So what’s the story behind the work that you’ve done here for the festival?
This year I’ve been apart of an amazing group of girls who run the workshop during the festival where guests can come and paint or get tips, so I’ve painted the entrance of the boy and girl holding spray cans, inviting people inside.
Is this workshop just for a selected few?
No no, everyone’s welcome. For people who’ve never tried it before or experimented in the past… Any and everybody’s welcome to swing by Thursday 14-17 and Friday, Saturday 12-15!
Is it organized by women?
It’s organized by the Roskilde Festival Graffiti Team, but it’s run by girls, yeah.
That’s interesting! Is there a reason for that? Do you feel that street art is mainly dominated by men and this workshop run by girls is an attempt to debunk that?
I wouldn’t say dominated, no, but there are more men than women in this industry as it is now, but it’s important to say that this scene never been about the gender, it’s about the art.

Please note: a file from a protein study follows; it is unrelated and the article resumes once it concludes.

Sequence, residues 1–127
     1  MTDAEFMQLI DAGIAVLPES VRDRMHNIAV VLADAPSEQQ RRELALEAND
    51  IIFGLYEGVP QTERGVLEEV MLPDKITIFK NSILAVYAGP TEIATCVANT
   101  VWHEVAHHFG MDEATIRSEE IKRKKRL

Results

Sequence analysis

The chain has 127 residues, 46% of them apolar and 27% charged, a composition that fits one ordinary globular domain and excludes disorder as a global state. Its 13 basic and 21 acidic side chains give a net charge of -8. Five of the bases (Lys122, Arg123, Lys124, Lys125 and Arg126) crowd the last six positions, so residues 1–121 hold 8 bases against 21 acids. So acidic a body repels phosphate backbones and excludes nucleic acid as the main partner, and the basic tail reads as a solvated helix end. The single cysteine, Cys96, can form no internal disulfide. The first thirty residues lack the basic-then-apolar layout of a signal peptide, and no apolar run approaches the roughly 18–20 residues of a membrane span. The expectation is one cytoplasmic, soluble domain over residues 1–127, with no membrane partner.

Do you see a difference between the pieces created by men and the ones created by women?
I don’t think there’s that big a difference, it’s a good mix. If you look around you’ll see that the guys like to use the color pink as well, so… The art speaks for itself.
I agree, and it looks amazing! Are you going to be able to party it up now or does that massive boot hold you back?
Naah… We’ll see! I was told that I got some extra street cred after getting injured and still working on a huge scaffolding!
Aiko 3rd year with Roskilde Festival Graffiti Group Tokyo (Based in Brooklyn) Stencil artist